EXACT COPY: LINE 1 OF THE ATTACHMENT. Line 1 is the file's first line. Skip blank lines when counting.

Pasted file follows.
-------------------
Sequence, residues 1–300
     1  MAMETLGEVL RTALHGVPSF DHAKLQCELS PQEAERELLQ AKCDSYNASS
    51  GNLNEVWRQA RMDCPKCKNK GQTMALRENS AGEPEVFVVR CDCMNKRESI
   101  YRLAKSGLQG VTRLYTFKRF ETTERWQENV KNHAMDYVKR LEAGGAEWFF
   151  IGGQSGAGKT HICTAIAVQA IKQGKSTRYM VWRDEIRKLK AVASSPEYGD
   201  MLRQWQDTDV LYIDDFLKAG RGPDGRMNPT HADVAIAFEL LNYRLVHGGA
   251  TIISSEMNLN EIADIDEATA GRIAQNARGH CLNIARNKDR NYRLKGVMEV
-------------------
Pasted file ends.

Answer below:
Sequence, residues 1–300